Lappet-faced  vulture  –  This  predatory  subspecies  is  endemic  to  the Ramon region. The  population  of  lappet-faced  vultures  was  wiped  out in  the  Negev,  but  perhaps  can  be  revived,  thanks  to  specimens  which survived on the Arabian Peninsula.

Atractaspis  engaddensis  –  This  relatively  thin,  poisonous  snake  grows up  to  80  centimeters  long.  The  species  is  endemic  to  Israel  and  the Sinai Desert.

Poekilocerus  bufonius  –  Black  with  yellow  dots,  this  grasshopper  eats poisonous  plants  from  the  milkweed  family,  from  which  it  produces its venom.

Dorcas gazelle – The dorcas gazelle, or mountain gazelle, is smaller than the  Gazella  gazella  found  elsewhere  in  Israel.  This  population  was endangered  in  the  1960s,  but  was  saved  thanks  to  the  Wild  Animals Protection Law.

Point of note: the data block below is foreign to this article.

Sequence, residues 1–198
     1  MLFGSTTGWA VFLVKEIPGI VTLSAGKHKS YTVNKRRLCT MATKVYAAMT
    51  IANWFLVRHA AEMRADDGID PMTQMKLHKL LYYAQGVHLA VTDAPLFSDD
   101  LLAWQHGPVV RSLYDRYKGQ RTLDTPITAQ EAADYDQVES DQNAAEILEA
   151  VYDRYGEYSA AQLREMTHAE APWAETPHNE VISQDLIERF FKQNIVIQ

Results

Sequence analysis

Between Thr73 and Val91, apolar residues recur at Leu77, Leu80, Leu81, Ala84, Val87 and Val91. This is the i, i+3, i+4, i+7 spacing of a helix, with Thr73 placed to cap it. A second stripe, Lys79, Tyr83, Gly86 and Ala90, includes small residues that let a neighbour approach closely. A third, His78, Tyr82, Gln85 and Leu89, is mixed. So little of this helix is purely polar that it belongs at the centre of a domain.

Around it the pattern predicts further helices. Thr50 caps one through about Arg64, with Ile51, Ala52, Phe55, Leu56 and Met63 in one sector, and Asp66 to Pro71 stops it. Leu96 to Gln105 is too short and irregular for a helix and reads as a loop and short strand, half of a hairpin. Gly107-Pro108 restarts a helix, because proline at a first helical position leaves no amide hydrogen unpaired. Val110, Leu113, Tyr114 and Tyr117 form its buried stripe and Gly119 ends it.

Sand  fox  –  The  diet  of  this  small  nocturnal  fox  is  varied:  bugs,  small rodents, fruits, and vegetables.

Fat  desert  rat  –  The  saltbush  is  the  mainstay  of  the  diet  of  this  large diurnal  rodent.  If  fed  sugar-rich  food,  the  fat  desert  rat  will  develop diabetes.

Uromastyx aegyptius – This herbivorous, diurnal  agama can  grow  to be up to 75 centimeters long.

Cairo  spiny  mouse  –  The  body  of  this  mouse-sized  diurnal  rodent  is covered with sharp bristles.

Sand partridge – A characteristic desert bird, the sand partridge nests on the ground. Because of its heavy body, the sand partridge cannot fly far, and skirts danger by flying from one bank of the wadi to the other.